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RIP My Dad


Staff member

Born in Belgrade in 1923, my Dad's parents died when he was around 10. His older brother, unable to care for him, pinned a note to Dad's shirt for his aunt to take care of him, and gave the 10 year old directions to his aunt's small country farm several hundred kilometers away. He found his way there on his own eventually and spent his early years living the simple life at his aunt's tiny farm.

In his teens, he became a resistance fighter against the Nazis in the early part of the Second World War and was captured during a guerrilla operation. He spent most of the war as a prisoner in a Nazi concentration / forced labor camp.

After the war he worked as a military policeman at the prison housing captured Nazi war criminals in Germany. He had a knack with languages and could speak German, Spanish, Italian, Russian, and Serbian / Croatian fluently which came into good use in post-war Germany. Many of his friends joked that you could parachute him into a strange country and in no time he would be found speaking the local language like a native and having a huge number of local friends.

His commanding officer convinced him to immigrate to Canada “a great country of opportunity” and he arrived in Montreal in the mid 50's where he worked as a gardener for a while until he mastered enough English to get a job at ICAO, a branch of the United Nations. He met my Mom there, where she worked as a secretary, having recently immigrated from South Africa.

He started at the bottom in the mail room at the UN, but his language skills helped him get ahead. He honed his incredible people skills into diplomatic skills, rising through the ranks, eventually working for many years as a senior career staff member of the World Health Organization based at the African Regional Office in Brazzaville. He was later stationed in Nairobi, Kenya. His position involved extensive travel in the African region where he worked in nearly every African country with local medical staff, NGOs, and heads of state.

He retired from the UN in the mid 80's and built a home on the South Coast of Kwa Zulu Natal, South Africa, where he lived with my Mom, growing and tending their prize winning seaside garden, and supporting the local South Coast Hospice through private donations and through activities with the Port Edward and Trafalgar Garden Clubs.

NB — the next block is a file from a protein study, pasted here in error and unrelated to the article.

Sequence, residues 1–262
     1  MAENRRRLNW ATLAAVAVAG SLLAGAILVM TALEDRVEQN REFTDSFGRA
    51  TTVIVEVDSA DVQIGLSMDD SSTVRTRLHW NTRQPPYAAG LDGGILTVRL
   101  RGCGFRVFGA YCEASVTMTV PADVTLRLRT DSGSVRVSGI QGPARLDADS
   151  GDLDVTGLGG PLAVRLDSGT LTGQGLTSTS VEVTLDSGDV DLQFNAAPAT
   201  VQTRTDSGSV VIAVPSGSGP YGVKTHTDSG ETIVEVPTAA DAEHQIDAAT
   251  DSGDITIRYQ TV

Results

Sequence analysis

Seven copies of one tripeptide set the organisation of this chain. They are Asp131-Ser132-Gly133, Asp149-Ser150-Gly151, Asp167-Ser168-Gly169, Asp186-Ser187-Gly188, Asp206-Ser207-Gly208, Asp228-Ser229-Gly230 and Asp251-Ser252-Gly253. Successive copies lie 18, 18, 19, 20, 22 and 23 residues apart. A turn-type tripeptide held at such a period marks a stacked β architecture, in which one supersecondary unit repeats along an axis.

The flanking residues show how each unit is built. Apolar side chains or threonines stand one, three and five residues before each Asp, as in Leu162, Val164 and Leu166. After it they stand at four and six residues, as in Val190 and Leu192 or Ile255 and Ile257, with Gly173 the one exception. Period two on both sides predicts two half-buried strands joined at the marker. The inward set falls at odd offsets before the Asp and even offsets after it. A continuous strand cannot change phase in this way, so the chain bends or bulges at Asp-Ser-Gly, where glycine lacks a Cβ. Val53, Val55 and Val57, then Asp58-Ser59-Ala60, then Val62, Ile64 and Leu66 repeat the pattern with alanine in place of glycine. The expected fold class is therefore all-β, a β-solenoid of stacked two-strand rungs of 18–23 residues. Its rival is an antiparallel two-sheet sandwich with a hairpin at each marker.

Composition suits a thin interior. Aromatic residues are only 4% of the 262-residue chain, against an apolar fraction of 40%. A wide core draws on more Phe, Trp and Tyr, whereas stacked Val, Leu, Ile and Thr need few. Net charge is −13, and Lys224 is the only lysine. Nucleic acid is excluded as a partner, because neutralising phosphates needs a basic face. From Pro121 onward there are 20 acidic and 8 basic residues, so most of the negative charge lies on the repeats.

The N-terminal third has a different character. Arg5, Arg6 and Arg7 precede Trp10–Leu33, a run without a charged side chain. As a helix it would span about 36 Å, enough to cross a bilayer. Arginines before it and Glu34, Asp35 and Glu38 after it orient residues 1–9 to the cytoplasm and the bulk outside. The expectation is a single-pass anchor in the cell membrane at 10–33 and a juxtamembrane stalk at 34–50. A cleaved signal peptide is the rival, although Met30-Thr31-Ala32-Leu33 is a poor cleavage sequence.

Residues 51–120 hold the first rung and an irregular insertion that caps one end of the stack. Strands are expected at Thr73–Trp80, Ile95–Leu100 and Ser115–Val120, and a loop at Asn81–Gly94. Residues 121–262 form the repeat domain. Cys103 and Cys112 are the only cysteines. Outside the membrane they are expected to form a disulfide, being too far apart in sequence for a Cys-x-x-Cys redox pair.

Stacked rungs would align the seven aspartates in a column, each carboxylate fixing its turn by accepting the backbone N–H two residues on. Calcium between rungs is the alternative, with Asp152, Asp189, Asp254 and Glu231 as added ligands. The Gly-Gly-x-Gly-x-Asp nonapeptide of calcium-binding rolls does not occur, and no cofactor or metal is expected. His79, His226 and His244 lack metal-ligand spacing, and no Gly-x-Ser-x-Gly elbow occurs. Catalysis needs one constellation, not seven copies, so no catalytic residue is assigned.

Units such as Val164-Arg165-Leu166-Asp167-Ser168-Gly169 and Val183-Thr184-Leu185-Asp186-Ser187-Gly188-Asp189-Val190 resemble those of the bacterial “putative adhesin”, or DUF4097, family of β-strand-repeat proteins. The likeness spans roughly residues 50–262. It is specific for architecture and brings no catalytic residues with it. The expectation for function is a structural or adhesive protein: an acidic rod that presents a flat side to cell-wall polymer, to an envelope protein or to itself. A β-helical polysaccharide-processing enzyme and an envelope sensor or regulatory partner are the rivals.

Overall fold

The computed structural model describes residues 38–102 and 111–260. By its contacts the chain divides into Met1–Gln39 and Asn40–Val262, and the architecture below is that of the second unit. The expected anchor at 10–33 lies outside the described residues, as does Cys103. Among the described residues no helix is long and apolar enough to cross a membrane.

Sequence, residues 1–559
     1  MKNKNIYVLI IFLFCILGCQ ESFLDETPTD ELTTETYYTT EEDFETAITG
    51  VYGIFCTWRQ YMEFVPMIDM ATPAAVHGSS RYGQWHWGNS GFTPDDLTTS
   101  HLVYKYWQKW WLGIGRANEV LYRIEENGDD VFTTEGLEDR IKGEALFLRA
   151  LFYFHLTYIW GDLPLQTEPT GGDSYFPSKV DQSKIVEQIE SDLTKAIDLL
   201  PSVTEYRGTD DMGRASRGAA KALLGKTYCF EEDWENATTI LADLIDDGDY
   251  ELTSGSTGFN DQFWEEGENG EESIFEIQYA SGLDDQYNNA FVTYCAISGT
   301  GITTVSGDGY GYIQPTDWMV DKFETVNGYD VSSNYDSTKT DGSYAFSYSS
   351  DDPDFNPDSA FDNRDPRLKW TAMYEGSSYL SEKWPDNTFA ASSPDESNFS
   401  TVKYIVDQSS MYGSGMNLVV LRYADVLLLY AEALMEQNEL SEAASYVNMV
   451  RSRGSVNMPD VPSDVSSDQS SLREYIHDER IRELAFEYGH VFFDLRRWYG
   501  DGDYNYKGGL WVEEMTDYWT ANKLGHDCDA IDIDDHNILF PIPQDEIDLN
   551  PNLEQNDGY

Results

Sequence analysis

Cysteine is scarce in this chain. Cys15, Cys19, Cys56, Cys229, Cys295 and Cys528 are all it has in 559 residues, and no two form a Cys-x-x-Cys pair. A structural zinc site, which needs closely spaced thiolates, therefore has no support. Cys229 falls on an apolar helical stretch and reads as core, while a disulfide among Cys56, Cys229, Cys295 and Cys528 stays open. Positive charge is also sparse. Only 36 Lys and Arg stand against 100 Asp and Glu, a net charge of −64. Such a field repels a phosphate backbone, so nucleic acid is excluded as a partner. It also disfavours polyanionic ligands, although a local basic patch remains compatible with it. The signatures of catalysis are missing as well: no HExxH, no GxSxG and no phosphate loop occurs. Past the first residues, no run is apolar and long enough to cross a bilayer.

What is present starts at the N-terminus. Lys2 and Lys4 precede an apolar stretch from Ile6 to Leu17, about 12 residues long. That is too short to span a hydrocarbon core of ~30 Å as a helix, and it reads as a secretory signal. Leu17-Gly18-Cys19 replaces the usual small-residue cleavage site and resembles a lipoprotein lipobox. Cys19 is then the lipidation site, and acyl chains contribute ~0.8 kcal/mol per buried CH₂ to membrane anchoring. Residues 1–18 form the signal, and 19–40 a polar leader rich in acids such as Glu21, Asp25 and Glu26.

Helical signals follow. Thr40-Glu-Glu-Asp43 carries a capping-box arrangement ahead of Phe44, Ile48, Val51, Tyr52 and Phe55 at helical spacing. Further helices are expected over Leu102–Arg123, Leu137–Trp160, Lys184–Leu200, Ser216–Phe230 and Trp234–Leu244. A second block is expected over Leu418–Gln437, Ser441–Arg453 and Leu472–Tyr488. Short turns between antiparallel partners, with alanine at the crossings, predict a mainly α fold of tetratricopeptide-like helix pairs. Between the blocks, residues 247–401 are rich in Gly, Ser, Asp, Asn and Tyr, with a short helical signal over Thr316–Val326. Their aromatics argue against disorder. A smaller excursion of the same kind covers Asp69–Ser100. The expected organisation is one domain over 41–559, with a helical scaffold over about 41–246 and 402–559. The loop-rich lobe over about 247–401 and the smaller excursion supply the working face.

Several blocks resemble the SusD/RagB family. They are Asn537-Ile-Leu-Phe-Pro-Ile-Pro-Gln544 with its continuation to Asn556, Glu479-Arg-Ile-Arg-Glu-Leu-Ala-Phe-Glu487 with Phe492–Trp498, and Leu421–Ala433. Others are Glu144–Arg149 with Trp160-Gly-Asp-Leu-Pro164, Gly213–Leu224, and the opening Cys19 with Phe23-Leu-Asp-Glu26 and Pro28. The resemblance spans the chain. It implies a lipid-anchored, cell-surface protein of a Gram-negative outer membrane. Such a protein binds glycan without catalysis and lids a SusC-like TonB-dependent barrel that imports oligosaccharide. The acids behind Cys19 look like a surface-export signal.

Known locally as “Uncle Petar”, my Dad was well loved in his community for his giant vegetables, his generosity, his sense of humor, his loud shirts, and his excellent storytelling ability.

Diagnosed with colon cancer after my mother's death, my Dad battled with the disease courageously for over 4 years before finally succumbing this morning. He passed away peacefully and comfortably at his home here by the sea at the age of 86.

Besides being my Dad, we were very close friends. I will miss him.



TRIBE Member
Sorry to hear about this, but glad you were there with him when it happened.

Rest in Peace, Alex's dad.
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Well-Known TRIBEr
So sorry to hear Alex, but that's a beautiful story of his life. Sounds like he lived it to the hilt and had some incredible experiences along the way. Glad he got to spend his last days with you at home.

RIP Mr. D.
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TRIBE Member
My family history also involved fighting the Nazis and being captured by them (Estonia), and then some interesting things as well in post-war germany. A very fascinating period for sure, a giant mixing pot of displaced persons.

You have my sympathies.


TRIBE Member
I am so sorry for your loss......And Alex, your Obituary just brought me to tears. That was a wonderful read
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TRIBE Member
Sounds like your old man lived a great full life. Oddly, I'm happy for that.
But I'm very sad for your loss. I too hope to pass away "peacefully by the sea".
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